The Evolution of Weezer

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The Evolution of Weezer

Nicole Shaker, Staff Writer

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Weezer is a genreless band that has been around since the early ‘90s, and has released nearing a dozen albums throughout its colorful career, the latest in late October of last year. Weezer alternates, coming out with an experimental indie rock album one year and a radio-ready power pop album the next. The leader, Rivers Cuomo, has created a band to fluidly transition between one genre and  the next, producing collections of tracks that sound nothing alike yet have that signature Weezer mark all the same.

Weezer’s iconic debut, Blue Album, was released in May of 1994 and sold more copies than any Weezer project. The tracks on this album borrow from sounds such as The Velvet Underground, Pixies, and Sonic Youth, but essentially stray from the indie scene to form a modern rock album that is most likely inspired by The Beatles and, a modern rock god of the day, Nirvana. Songs like “Say It Ain’t So” and “My Name Is Jonas” suggest a cool yet desperate sound that fans at the time probably thought they could expect from the rookie rock band. Songs like “Undone: The Sweater Song” and “Buddy Holly” showcase an edgy, sarcastic side to Weezer. The album itself is pretty simple, boasting ten similarly crafted songs, but it came to later be deemed one of the most influnetial alternative rock albums of the decade.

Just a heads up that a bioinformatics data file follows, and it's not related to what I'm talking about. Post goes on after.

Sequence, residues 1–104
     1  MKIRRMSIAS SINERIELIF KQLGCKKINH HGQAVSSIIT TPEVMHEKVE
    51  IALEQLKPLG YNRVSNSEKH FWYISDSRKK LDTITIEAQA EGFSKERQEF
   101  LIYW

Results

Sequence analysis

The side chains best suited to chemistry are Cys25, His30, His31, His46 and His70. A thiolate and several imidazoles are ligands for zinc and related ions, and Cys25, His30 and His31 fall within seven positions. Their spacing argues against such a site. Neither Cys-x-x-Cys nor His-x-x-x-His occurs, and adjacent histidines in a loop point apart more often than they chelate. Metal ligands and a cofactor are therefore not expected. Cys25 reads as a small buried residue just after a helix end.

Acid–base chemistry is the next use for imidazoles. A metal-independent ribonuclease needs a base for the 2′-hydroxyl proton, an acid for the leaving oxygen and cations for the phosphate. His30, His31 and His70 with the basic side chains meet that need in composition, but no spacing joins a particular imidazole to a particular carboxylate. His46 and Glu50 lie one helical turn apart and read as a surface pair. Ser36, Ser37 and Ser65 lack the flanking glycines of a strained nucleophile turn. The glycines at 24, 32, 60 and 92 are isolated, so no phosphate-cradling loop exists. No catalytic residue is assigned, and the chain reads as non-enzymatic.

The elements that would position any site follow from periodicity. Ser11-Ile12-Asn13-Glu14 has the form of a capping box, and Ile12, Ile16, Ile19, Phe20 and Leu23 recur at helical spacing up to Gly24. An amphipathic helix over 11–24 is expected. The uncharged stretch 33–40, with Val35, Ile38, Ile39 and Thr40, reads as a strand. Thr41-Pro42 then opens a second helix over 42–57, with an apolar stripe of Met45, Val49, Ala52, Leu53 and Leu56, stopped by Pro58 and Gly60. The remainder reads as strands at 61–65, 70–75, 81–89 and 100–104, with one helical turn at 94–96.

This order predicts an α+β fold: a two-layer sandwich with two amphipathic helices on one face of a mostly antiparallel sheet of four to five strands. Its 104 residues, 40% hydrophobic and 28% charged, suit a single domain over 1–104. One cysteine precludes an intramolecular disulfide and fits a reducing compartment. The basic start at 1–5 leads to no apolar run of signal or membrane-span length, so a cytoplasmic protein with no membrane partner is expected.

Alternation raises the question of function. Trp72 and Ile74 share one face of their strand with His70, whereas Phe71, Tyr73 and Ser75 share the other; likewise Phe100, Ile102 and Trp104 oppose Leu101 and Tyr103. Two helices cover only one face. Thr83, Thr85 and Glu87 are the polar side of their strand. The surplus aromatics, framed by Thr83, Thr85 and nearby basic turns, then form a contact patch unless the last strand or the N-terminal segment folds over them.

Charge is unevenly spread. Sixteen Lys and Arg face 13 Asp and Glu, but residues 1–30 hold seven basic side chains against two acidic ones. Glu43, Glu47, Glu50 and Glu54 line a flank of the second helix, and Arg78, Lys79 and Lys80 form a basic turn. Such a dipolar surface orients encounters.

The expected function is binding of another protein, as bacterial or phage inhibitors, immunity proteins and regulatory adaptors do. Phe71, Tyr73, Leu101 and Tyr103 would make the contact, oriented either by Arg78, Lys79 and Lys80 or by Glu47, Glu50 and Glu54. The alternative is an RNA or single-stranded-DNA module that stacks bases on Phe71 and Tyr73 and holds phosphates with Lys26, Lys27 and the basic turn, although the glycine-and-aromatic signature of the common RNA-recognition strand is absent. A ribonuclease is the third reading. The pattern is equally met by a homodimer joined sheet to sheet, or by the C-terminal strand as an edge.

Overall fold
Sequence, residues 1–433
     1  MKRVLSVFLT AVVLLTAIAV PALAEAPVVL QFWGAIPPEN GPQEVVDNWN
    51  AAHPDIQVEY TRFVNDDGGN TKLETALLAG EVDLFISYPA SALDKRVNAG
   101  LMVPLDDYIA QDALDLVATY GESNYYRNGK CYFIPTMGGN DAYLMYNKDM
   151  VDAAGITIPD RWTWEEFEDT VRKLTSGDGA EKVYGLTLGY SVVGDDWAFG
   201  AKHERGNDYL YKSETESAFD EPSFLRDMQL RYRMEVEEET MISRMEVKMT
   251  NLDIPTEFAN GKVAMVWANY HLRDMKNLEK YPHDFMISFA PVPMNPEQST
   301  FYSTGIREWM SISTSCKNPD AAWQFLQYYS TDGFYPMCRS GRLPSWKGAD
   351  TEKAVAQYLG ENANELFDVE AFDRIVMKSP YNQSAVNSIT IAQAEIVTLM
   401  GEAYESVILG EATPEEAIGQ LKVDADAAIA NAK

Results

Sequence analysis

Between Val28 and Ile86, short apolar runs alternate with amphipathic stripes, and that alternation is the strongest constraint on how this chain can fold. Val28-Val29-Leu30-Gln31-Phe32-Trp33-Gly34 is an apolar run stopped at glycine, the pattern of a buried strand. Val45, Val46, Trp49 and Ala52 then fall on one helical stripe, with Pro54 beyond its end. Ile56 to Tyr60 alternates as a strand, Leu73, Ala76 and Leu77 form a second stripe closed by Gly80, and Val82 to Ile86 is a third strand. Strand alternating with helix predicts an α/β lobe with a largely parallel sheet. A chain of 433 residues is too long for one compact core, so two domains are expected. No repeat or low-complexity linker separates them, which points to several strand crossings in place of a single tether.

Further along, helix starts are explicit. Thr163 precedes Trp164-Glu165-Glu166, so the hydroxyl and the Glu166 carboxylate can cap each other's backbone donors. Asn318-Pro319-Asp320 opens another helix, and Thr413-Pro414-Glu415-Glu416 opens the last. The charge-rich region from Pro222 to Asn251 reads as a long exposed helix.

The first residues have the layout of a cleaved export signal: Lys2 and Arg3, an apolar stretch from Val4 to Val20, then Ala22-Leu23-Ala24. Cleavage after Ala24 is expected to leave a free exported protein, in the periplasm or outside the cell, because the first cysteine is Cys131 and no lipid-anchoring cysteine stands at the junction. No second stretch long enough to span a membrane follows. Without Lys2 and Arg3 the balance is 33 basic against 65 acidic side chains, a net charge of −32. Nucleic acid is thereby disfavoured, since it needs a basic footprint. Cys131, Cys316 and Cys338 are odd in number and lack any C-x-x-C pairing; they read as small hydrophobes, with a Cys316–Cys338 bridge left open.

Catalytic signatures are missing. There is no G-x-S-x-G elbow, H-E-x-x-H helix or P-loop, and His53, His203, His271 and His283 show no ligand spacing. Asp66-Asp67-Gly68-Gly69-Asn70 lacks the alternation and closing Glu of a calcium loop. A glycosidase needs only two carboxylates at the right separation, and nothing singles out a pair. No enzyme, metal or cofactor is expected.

Blue Album is what Weezer is known for and is what Weezer’s overall sound is generally associated with. But Weezer’s sound has so many layers to it, as the following albums would soon showcase.

Cuomo went through a bleak period of his life following the release of Blue Album, and Pinkerton, Weezer’s second album, is what resulted. Cuomo himself describes it as “sick in a diseased sort of way.” It takes us to dark places, ones very much unlike those that Blue Album’s anthems took us to. Songs such as “Tired of Sex” and “Getchoo” show Cuomo taking on much harsher vocals, and lyrics for that matter. This experimental album is the first to show that Weezer’s music highly depends on Cuomo’s state— and Cuamo wasn’t a jocular teenager anymore.

Green Album was later released, and Weezer’s fans were thrown yet another curve ball. We’re back to the old sound! Or at least, almost. Green Album is meaningful and fun, simple modern rock. And in this chapter of Weezer’s career, we’re gifted the gem of “Island in The Sun,” a soft and sweet rock ballad that is arguably one of Weezer’s best songs to date and definitely a fan favorite.

Maladroit comes next, and although it sounds like Weezer, due to Cuomo’s distinguishable vocals, it’s unlike anything they’ve ever released. It’s weird, but that isn’t surprising for the band. Despite some of the oddness of the tracks, it’s a completely respectable album and it shows Weezer entering into, and this term is used very broadly, an almost psychedelic scene.